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[an error occurred while processing this directive] 2007 AIP IPFThe Energy Challenge
SPS student report on the 2007 Industrial Physics Forum & AVS Symposium
October 14-16, 2007 - Seattle, WA

By Lee Massey, University of Wisconsin River Falls

2007 Industrial Physics Forum
54th AVS International Symposium


Lee MasseyThis was the first time I have ever attended a physics conference of any sort, and I’ve got to say, next time I have a chance to attend one, count me in! The 2007 American Institute of Physics Industrial Physics Forum (IPF) was held in Seattle, WA, which was actually sunny on the first day I was there. I had never been to Seattle, so this was a great experience. Not only is the sushi great, there is a lot to see and always plenty to do in Seattle.


The Seattle Space Needle

Though I spent most of my time at the conference meeting new and interesting people and hearing about the latest in energy technology, I was able to see a lot of the city in the evenings. I was able to visit the space needle. I walked around the down town area quite a bit and saw more fresh fish and produce in one place than one could imagine.  I also got a chance to visit the Capitol Hill district, and the University district where the local music scene is prevalent.

The conference was very interesting, with talks on all types of energy technology from bio-fuels, to nuclear power, to solar photovoltaic electricity, etc. I am working on a fellowship for the APS Forum on Physics in Society and my project is to report on the current state of research in the field of alternative fuel sources for passenger vehicles, so “The Energy Challenge” IPF conference correlated directly with my project. The talks were presented by people that are the top in their fields of expertise from some of the biggest name companies in the industry such as Ford Motor Company, General Motors, Spectrolab, General Atomics, BP Solar, NREL, several National Laboratories, and many Universities including MIT and Harvard, just to name a few.  This gave me first hand information about the latest advances in research in industry as well as academia.


AVS and IPF attendees mingle during the AVS opening mixer reception.


There were many talks that directly related to my project, however, the talk on federal energy policy by Melanie Kenderdine of the Gas Technology Institute was one of the most interesting to me regarding the project. She mentioned some of the goals of the United States Congress for addressing the energy problem and noted some of Congress' top picks for alternate energy sources as well as the 2008 budget request for government research subsidies in the energy field.

Some of the other talks that were most interesting to me were “Current Status of Solid State Lighting” by Shuji Nakamura from the University of California, Santa Barbara, and the talk on “Sustainable Nuclear Energy Production and Nuclear Waste Management” by Mark T. Peters from Argonne National Laboratory. Both talks addressed energy problems with electricity use in the United States from a conservation standpoint to clean safe energy production. Attendees were given a chance to ask questions at the end of most of the talks and also were able to meet and talk with the speakers one-on-one. There were also many other people to meet and talk with such as AIP and SPS staff as well as staff from the American Vacuum Society being that the conference was held in conjunction with the annual AVS International Symposium.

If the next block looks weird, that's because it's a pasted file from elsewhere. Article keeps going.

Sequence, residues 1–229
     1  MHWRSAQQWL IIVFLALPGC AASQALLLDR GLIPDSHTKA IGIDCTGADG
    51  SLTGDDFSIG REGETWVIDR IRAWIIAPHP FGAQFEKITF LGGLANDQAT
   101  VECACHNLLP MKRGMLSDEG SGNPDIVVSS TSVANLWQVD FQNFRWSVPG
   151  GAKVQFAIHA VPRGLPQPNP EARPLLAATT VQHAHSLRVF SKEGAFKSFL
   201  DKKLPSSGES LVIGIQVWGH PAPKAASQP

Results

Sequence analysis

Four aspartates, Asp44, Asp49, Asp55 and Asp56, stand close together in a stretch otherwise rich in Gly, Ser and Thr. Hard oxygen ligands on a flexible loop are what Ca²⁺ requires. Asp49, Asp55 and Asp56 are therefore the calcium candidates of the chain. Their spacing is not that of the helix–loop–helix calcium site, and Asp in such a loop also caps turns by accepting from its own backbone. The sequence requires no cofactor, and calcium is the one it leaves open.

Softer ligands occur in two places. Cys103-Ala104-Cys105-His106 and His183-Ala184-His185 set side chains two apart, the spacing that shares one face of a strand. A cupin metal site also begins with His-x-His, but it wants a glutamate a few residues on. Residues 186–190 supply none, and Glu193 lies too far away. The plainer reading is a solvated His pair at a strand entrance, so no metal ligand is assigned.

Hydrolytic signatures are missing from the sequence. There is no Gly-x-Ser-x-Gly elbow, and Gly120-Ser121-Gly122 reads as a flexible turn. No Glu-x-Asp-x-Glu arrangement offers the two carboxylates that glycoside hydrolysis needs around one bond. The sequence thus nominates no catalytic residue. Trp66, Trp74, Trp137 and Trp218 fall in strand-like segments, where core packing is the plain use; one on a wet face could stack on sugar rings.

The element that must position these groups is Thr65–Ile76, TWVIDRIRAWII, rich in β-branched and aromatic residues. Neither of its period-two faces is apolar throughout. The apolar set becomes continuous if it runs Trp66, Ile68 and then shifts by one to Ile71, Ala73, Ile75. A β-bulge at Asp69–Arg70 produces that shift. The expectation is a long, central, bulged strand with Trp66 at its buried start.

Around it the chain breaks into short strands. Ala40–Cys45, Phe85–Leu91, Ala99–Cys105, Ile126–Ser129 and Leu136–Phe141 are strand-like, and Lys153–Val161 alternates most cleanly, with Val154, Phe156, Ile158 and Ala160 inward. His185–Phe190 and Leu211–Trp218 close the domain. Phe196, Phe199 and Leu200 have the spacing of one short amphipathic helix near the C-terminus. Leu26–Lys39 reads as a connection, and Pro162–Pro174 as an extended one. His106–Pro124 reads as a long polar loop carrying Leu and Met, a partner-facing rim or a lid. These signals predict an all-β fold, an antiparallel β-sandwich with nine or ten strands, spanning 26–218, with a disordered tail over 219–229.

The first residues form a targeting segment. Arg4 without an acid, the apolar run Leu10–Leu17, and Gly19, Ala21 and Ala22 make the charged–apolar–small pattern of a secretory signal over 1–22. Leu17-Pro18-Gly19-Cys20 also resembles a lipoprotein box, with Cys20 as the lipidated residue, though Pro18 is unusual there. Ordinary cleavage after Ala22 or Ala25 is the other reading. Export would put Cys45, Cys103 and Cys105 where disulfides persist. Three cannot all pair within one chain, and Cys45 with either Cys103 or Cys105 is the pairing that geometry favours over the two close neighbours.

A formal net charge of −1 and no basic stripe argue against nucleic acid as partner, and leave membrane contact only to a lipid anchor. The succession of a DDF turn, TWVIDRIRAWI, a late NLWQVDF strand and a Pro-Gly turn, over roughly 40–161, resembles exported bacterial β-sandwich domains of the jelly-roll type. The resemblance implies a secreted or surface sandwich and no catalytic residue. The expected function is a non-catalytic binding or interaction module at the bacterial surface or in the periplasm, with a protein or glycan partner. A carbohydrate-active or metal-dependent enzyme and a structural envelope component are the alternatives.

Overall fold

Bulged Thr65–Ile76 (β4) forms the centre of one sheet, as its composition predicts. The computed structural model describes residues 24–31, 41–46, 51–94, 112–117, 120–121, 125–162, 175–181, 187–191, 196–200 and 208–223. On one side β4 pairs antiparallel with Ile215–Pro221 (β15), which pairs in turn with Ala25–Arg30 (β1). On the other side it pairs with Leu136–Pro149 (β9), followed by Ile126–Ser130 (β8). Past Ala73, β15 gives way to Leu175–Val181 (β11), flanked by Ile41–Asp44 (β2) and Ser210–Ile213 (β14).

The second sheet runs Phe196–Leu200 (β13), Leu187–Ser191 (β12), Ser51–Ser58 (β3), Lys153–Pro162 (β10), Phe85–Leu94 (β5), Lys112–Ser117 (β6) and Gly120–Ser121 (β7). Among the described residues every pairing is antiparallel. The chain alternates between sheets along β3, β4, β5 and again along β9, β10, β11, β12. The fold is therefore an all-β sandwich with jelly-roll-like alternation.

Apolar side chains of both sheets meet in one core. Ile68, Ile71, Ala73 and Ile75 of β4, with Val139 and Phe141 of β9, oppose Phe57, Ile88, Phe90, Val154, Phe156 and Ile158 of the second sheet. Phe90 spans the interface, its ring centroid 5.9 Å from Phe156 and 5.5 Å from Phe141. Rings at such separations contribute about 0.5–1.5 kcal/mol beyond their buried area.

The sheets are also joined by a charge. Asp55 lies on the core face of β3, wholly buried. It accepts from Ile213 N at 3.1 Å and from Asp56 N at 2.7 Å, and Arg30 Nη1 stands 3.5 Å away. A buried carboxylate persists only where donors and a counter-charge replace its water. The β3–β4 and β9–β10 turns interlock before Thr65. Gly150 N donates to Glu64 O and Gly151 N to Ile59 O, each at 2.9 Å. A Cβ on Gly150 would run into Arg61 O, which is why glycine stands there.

Dr. Millie Dresselhaus, Chair of the AIP Governing Board, moderated the IPF session titled 'Frontiers in Physics.'


The 'Experience Music Project,' a Seattle museum devoted to popular music.

The AVS symposium also had many talks going on that one could attend and were included in the AIP registration cost. However, though
there were no parallel sessions within the AIP conference itself, the
AVS program contained multiple, thematically-different sessions that ran in parallel with the IPF Forum. The AVS also had an exposition where people were invited to visit booths where companies in the vacuum industry had their latest technology and products on display as well as some advertisement and contest opportunities to enter.  The AVS Symposium also had a student mixer where drinks and appetizers were served and people had a chance to mingle with the other students and people in the industry with similar interests.

Overall the conference was fun, interesting, and educational and gave me ideas about how to present my research, hopefully, next spring at similar conferences.  I would recommend that all students attend at least one conference of this sort during their college career.


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